4. Choose Relevant Incentives

You should also consider the type of incentives based on your target audience. Creating personas for your target participants is a good exercise to better understand what motivates them as people and then choose your incentives accordingly. Incentives that are relevant to the survey could also be worthwhile here.

5. Make Incentives Worthwhile

As mentioned previously, market research incentives generally produce higher response rates, and response rates generally increase with the value of the reward. Beware of spendthrift – while you get more respondents for bigger incentives, the effect starts to diminish as you move towards higher and higher reward values. Make sure you measure your responses across multiple respondents regularly and monitor the response rates to figure out what motivates your audience without overspending.

6. Enable Easy Redemption

To make sure you retain your recipients you need to consider the entire customer experience. It needs to be crystal clear to your participants how they can spend the incentive they receive. If the participants cannot use what they have earned or struggle to do so, their whole experience will be soured. They would not be coming back again to your surveys and negative word of mouth can spread fast. The best type of incentive is often a simple one that is easy to understand and redeem.

7. Offer a Choice

Not all people are the same, nor are all incentives. Whilst you may be tempted to give cash as an incentive, some participants may feel uncomfortable with this. Especially if the research is for a good cause such as medical research. Giving them the option to choose between a few select charities can be a great alternative in this case. Gift cards can also be a great alternative to cash and can also be more memorable, instead of being spent on everyday essentials.

8. Provide Instant Delivery

You also need to consider the practicality of your incentives. With physical items, you need to factor in the logistics and costs of shipping. Digital incentives can work great here as they can be delivered instantly upon completing the survey. This will support higher response rates and high satisfaction levels amongst participants. Instant gratification is key nowadays in order for a market research incentive to be a success.

9. Experiment with Different Incentives

Getting the best results from your incentives can sometimes require a bit of experimenting. What people are motivated by, can change over time and can also depend on your audience and demographic. Keep things fresh and trial new incentives so you can determine which is the most effective.

10. Consider Various Types of Incentives

As previously mentioned, different audiences will find various incentives more or less appealing. If you would like to experiment with the types of incentives to find what works best for you, why not try one of the suggestions below?

  • Digital gift cards or vouchers
  • Virtual and physical badges
  • Products
  • Experiences
  • Weekly prizes
  • Charities
  • Sweepstakes

11. Be Transparent

No matter which incentive you offer your participants, make sure you are transparent with them to avoid disappointment. Clearly communicate what incentive they will receive, when they will receive it and how to use it. Should any issues occur make sure your customer service team is ready to make it right. The key thing to ensure is a positive participant experience and building a relationship with them to keep satisfaction, participation and referral rates high.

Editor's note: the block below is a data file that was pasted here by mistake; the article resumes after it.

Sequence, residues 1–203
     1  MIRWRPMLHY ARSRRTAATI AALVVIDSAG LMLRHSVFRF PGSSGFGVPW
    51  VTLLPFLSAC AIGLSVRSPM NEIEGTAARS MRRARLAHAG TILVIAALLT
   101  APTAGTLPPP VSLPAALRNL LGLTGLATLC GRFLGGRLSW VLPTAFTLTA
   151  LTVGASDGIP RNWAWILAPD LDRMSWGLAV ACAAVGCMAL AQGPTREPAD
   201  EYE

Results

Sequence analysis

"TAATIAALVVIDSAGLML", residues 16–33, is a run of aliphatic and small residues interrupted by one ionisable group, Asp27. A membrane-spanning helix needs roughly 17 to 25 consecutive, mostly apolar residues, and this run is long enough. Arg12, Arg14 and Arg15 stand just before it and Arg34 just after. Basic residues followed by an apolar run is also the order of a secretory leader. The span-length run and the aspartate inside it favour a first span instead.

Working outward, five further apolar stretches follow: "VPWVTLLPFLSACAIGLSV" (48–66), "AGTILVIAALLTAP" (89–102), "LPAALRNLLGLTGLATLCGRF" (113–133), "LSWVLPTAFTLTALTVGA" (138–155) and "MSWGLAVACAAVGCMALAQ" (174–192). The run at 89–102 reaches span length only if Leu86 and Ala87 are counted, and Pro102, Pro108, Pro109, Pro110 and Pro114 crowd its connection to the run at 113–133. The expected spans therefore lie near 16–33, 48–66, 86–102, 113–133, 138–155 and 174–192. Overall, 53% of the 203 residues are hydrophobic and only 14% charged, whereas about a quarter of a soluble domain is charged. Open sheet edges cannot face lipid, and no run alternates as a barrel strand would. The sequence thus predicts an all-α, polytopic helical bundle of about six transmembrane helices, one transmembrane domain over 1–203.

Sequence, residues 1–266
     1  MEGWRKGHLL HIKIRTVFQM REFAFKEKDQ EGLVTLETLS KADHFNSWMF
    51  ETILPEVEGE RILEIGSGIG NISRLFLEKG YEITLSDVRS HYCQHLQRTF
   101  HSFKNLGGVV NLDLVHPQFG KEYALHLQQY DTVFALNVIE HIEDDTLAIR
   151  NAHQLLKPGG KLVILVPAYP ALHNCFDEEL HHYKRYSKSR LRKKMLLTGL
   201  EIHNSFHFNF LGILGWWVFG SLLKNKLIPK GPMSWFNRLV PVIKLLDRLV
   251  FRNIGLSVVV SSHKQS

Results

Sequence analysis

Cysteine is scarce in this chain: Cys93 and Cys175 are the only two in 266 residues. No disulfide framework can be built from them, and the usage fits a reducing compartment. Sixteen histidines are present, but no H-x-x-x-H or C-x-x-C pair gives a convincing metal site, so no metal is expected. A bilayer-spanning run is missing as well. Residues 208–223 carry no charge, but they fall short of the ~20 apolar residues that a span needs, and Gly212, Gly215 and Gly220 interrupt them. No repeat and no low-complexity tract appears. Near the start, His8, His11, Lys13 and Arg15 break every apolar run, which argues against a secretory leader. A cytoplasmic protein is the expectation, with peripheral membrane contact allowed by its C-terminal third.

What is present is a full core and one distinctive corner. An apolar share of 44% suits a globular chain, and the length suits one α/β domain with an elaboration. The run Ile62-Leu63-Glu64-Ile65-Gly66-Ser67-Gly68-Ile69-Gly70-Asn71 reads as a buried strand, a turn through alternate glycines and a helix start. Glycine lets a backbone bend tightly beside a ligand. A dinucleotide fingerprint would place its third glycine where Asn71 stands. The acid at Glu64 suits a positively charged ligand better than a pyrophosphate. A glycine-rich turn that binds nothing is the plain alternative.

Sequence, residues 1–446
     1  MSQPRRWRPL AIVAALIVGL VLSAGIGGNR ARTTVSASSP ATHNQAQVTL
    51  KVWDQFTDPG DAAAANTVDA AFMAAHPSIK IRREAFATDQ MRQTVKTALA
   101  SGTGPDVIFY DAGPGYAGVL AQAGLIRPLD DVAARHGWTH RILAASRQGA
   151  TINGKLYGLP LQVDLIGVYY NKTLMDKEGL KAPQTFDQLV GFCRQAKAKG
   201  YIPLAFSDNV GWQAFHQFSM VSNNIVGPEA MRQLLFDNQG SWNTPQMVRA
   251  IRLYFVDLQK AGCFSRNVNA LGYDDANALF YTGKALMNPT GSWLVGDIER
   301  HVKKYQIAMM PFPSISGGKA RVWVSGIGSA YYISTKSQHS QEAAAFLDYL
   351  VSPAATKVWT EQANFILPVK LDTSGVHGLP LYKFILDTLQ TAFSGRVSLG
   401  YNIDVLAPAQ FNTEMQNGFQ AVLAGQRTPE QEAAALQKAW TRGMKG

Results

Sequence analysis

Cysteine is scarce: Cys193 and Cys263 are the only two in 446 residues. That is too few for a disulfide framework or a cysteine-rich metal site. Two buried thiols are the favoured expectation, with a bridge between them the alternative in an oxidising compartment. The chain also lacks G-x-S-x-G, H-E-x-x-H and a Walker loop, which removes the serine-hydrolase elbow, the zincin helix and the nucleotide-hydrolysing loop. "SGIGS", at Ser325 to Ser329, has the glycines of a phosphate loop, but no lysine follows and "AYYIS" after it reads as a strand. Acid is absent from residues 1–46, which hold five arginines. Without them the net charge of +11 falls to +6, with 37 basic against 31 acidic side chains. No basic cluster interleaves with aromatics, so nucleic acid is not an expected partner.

How to Implement Market Research Incentives

So how exactly do you implement incentives into a new or existing market research project? Before you start you should consider the following.

Firstly, assess what is and isn't working with the current market research processes. Running an audit and going through each aspect can be a great way to get an overview and discover areas that can be improved.

Determine and define your specific goals. What is the problem you are trying to solve and what will success look like to you?

Identify your target audience. What are their needs, desires and expectations? This should determine the participant rewards to be offered.

How will you measure and assess the success of the incentivisation scheme? Are there key performance indicators (KPIs) you can use and how will you calculate the ROI? Having clearly defined quantitative data will help to communicate the success of the incentive scheme with stakeholders.

Conclusion

Participants deserve to be rewarded for giving up their time and putting effort into your research project. Therefore, desirable rewards with plenty of choice which would keep the engagement and response rates high are crucial. The effect of the immediate gratification should not be ignored, so ensure that the chosen rewards can be delivered quickly, ideally immediately after the survey has been completed. 

Another key takeaway is to ensure your rewards are relative to your target audience as well as your budget.  Spendthrift does not work!

If the pandemic has forced you to look for different ways of delivering on your market research incentive program, let us know!

We would love to help you implement your market research incentives. At Ovation Incentives, we have everything you need to successfully implement and manage highly effective market research campaigns. Our Reward Codes allow an instant incentive that can be redeemed for locally desirable digital e-vouchers and virtual gift cards worldwide. Through our self-service Reward Manager platform, you can order, send and track incentives, manage budgets and gain insight into your reward campaigns. If you have your own research platform you can integrate and automate your rewards through our Rewards API.

To find out how we can help you with your market research incentives, book a demo or contact us today.